Mr. Good: Cop or Crook? is a fascinating story presented in a docuseries that’s a watered down finished product.
Netflix crime docuseries Mr. Good: Cop or Crook? was released on the streaming service on June 3, 2022.
The latest Netflix crime docuseries, Mr. Good: Cop or Crook?, is a fascinating story told in a way that tries to create mystery deliberately instead of presenting the plain facts. Here, why not tell a story straight and leave any ambiguity behind? Because Netflix is in the habit of stretching documentaries past their limits. You know the ones that should top out at two hours into a minimum four-episode event. Yes, the story is jaw-dropping. Yet, the real mystery is how far the authorities let their top star in law enforcement tumble down the rabbit hole and operate there. That story is never given an explanation with enough credibility.
Imagine if John McClaine, Vincent Hannah, or Marge Gunderson went terrible. Very bad. That’s what Erik Jensen is in jail for. One of Norway’s most decorated law enforcement officers helped take down dozens of drug organizations. How? By being unconventional. He would immerse himself in the experience of rubbing shoulders with notorious gangs, including the Hell’s Angels. They moved into the country in the 90s. Jensen also had what many may describe as luck, cultivating and using informants to make arrests and drug seizures.
One of those was Gjermund Cappelen. He grew so fond of him that he even spent time away from his family to check him into rehab. However, as it turns out, Cappelen was a wealth of information that made Jensen’s career. Case after case, Norway’s most decorated officer brought in scores that baffled the ranks. Yet, Cappelen built (or, according to who you talk to, already had) a drug empire. The most notorious at the top of the “Land of the Midnight Sun.” When internal affairs see him and uncover messages referring to the trade between them for seven years, the authorities determine Jensen was working with Cappelem to traffic kilos of hashish. Through elimination, the pointed-to text messages from the head smugglers to a Mr. Good. All in code and must be the commander in question.
Directed by Trond Kvig Andreassen and Ragne Risse, they use a mix of archival footage, interviews, and some light reenactments (always a pet peeve for a documentary or docuseries) to paint a complicated web of ambiguity. Did Jensen know about Cappelem’s operation and turn a blind eye? Did he calculate the odds and decide his informant giving him information, most likely undercutting his competitors to clear the way for his fortune, was for the greater good? Or simply did one hand wash the other? So Jensen could move up the ranks by closing significant cases and Cappelem to operate under the protection of Norway’s police force?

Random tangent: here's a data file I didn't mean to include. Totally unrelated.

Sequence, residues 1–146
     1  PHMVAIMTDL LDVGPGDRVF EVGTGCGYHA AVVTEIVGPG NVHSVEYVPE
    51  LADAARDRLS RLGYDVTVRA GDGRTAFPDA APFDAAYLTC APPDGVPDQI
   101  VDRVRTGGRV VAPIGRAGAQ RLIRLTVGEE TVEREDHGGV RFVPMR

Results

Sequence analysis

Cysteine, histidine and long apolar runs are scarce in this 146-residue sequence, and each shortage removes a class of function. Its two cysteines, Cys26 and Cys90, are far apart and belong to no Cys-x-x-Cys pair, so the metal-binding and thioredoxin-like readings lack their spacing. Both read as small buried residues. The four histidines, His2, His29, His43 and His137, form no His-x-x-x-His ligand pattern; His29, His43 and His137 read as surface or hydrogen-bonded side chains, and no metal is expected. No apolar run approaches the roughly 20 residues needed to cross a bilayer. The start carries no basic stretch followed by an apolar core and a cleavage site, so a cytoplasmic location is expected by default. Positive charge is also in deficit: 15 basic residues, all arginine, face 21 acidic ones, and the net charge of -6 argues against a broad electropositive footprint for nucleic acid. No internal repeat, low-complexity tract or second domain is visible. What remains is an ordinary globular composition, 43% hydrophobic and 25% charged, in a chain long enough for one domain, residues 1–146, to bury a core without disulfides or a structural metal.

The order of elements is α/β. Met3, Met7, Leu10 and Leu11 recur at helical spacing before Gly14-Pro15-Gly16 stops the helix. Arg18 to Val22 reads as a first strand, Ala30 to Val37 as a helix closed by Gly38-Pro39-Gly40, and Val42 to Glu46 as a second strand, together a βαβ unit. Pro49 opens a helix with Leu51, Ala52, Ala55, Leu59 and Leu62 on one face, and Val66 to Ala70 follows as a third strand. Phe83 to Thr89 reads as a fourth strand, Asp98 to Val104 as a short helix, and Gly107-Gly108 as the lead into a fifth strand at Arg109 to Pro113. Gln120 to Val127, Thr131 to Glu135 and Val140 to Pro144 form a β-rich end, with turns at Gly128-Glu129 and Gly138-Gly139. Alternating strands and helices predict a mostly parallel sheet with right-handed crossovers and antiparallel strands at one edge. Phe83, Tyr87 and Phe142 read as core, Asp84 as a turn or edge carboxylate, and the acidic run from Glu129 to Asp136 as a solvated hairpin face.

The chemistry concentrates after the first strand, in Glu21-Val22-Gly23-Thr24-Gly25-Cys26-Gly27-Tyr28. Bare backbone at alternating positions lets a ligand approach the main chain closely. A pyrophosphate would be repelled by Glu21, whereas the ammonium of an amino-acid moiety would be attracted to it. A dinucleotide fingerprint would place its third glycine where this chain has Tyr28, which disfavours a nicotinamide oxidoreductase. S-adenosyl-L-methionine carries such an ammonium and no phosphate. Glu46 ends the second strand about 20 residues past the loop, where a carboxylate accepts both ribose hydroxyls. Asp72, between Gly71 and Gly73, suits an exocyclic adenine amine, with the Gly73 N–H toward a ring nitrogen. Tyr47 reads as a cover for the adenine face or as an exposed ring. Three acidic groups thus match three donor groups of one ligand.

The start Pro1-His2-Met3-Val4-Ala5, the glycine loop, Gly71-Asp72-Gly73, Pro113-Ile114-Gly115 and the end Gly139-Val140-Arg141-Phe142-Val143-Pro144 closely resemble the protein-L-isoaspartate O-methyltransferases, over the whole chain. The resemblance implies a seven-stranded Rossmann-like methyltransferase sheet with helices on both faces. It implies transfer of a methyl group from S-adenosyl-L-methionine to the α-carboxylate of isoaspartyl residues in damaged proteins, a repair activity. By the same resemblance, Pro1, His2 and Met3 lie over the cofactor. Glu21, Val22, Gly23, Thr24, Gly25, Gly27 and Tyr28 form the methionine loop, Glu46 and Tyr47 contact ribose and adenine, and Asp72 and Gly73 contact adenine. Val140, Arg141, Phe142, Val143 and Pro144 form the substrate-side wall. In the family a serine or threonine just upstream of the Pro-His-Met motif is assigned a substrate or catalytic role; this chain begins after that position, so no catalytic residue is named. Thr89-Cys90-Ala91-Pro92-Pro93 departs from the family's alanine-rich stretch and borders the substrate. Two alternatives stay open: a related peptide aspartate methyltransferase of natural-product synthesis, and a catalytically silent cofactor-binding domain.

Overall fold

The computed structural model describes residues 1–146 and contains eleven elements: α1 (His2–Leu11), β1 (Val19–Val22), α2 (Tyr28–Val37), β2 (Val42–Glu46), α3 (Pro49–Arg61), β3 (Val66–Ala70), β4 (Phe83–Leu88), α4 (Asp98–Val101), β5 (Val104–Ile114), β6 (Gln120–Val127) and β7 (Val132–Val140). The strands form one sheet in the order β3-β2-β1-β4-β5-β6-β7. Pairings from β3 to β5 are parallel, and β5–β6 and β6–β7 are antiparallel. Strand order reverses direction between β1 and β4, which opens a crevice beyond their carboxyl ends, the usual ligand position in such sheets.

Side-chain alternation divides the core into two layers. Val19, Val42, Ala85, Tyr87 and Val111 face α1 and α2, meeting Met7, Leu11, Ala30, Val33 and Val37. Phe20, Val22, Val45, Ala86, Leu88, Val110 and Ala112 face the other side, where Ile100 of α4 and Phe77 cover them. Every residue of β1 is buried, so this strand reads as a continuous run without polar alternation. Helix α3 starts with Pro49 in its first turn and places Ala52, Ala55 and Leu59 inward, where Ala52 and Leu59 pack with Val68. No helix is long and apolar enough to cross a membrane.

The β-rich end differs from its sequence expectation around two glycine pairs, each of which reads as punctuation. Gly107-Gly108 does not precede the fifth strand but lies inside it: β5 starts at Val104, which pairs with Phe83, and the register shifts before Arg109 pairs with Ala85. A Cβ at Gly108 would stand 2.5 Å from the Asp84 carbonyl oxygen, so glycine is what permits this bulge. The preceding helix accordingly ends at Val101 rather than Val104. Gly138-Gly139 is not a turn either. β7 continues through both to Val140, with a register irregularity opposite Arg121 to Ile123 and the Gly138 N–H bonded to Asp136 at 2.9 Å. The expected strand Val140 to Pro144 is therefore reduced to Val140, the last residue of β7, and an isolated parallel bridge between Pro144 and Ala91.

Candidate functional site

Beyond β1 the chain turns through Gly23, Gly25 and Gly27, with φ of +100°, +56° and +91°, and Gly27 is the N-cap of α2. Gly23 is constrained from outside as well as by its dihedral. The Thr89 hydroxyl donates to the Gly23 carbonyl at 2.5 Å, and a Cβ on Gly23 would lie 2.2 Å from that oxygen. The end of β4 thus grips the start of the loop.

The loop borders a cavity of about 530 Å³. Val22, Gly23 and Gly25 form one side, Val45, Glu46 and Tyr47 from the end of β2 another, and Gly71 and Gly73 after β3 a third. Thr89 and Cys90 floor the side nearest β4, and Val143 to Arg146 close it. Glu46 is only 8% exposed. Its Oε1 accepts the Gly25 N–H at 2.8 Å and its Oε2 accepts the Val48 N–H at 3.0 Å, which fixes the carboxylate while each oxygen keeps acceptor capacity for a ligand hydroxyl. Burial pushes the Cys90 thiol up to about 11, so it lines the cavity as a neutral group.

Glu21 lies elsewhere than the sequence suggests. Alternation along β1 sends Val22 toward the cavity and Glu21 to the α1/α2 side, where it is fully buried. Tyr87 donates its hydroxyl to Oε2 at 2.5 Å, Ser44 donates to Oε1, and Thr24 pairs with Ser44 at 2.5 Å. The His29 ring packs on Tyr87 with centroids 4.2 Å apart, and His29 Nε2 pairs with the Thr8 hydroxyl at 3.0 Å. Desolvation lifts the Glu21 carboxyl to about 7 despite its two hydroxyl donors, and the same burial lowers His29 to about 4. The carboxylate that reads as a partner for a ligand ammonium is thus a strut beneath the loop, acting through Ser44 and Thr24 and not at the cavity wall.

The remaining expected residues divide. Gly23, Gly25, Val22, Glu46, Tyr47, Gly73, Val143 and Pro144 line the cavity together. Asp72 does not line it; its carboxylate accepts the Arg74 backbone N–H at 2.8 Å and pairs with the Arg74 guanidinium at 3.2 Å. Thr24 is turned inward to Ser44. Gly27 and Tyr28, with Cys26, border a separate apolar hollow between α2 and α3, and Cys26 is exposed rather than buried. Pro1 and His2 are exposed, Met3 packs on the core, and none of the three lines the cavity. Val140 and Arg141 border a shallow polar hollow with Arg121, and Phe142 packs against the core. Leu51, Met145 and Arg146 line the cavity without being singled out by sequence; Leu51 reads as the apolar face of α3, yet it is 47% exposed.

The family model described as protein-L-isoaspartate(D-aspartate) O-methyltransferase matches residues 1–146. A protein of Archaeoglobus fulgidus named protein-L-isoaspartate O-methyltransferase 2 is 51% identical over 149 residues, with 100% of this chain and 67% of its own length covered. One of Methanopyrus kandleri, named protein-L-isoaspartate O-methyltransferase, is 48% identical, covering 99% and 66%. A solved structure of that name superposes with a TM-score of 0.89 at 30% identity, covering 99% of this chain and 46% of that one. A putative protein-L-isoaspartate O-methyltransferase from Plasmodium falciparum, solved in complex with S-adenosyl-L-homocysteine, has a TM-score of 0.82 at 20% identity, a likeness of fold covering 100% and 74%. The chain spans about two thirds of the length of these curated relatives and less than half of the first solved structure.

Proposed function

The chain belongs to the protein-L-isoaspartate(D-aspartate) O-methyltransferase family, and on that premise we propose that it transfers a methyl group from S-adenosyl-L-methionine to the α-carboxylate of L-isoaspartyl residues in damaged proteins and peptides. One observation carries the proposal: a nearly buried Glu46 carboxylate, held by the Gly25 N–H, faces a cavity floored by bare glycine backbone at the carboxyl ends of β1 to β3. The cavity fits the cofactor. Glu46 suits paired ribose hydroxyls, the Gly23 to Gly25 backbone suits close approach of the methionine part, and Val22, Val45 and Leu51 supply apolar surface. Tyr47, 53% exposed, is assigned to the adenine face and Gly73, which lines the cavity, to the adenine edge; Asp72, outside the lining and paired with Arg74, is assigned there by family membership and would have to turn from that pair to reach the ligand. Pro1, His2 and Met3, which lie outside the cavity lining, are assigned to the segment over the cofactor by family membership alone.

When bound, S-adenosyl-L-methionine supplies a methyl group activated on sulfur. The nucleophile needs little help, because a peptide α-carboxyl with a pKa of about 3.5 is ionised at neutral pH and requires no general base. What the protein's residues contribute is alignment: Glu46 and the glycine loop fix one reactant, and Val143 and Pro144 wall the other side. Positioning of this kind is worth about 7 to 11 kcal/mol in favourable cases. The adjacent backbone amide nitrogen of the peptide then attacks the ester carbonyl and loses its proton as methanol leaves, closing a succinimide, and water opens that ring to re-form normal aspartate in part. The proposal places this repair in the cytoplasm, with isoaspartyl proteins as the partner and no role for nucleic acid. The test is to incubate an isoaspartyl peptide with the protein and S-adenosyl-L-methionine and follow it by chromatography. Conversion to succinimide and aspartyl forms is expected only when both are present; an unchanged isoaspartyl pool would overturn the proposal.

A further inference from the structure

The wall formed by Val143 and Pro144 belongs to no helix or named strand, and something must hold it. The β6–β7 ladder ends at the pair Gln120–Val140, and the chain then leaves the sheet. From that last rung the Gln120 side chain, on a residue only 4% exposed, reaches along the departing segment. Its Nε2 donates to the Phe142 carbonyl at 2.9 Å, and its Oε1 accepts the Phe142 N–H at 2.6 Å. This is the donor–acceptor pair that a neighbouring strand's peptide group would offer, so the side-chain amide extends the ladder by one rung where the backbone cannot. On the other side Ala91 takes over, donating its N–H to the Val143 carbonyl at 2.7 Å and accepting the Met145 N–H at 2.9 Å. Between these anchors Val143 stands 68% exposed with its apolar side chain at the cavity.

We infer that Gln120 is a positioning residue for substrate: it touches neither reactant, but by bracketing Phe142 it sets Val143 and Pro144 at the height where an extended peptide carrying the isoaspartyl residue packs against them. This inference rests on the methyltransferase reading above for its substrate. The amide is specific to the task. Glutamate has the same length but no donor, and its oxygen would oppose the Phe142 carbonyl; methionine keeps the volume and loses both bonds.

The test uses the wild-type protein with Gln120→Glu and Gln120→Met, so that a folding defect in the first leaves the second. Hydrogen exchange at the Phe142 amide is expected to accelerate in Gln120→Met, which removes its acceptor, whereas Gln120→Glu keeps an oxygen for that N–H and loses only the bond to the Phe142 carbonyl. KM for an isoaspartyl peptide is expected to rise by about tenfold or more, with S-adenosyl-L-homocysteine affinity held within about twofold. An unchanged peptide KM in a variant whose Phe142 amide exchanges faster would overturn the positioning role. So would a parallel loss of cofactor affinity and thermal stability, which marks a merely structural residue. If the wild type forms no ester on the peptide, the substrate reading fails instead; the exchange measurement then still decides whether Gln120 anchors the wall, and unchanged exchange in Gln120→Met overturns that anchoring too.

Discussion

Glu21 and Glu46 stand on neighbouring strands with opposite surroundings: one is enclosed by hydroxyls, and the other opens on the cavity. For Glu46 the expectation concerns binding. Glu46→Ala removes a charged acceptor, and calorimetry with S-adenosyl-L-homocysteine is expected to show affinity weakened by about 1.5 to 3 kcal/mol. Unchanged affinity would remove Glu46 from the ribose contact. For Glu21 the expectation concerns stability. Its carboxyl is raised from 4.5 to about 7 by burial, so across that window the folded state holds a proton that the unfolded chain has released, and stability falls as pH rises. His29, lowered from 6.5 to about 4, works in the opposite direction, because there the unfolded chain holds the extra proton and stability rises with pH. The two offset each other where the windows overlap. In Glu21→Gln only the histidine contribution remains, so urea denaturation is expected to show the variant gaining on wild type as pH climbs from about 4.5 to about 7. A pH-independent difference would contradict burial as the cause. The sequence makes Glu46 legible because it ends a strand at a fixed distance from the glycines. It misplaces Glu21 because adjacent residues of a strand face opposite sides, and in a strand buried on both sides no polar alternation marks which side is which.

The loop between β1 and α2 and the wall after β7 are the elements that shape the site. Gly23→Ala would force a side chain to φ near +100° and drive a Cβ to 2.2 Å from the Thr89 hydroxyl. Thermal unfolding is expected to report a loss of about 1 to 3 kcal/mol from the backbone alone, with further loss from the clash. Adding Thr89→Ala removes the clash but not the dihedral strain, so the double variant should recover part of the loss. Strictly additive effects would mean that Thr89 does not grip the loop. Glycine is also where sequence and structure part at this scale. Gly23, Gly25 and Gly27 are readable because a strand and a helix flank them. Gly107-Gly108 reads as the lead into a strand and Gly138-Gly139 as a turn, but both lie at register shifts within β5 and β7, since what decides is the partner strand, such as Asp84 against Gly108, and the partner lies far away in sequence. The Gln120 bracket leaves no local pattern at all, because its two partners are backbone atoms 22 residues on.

The case parallels the one of Whitey Bulger, the notorious Boston gangster that shockingly was an informant of the FBI. (There was also the rampant speculation that his brother William, president of the Massachusetts state senate, communicated with him when he was a fugitive but denied helping him with his criminal activities). Very few can operate at a high level without being caught and often need protection. Which is the argument the authorities are making here, but without government sign-off.
You could argue his superiors turned a blind eye. Maybe riding his coattails, then leaving him high and dry when it had become clear there was a blurring of the lines. Could Jensen’s self-righteous attitude find everyone quickly aligned against him? However, common sense tells you that even if he chose to turn a blind eye, he wasn’t doing his job. Not realizing he was the country’s most significant drug trafficker is an act of gross incompetence.
Still, for someone to continuously reject plea offers and maintain their innocence does make you question could this be a case of trusting the wrong person? Erik Jensen is now in jail, serving twenty-one years in prison, and his appeals have been denied. It’s a fascinating case, and the filmmakers do an admirable job giving equal treatment on both sides, including the leading figures’ penchant for explaining every detail that will raise eyebrows. (Jensen earning most of his unexplained money with scuba diving lessons was a colorful eyebrow-raiser).
The final product leaves you with more questions than answers, which is the main issue. This series is expanded into a four-part documentary that feels like an artificial dedication to creating more doubt than necessary. This has the unintended consequence of watering down the final product. Your enjoyment of the documentary series will be dependent on your belief in Jensen’s potential innocence, which stretches credibility. There is more fluff than needed here.
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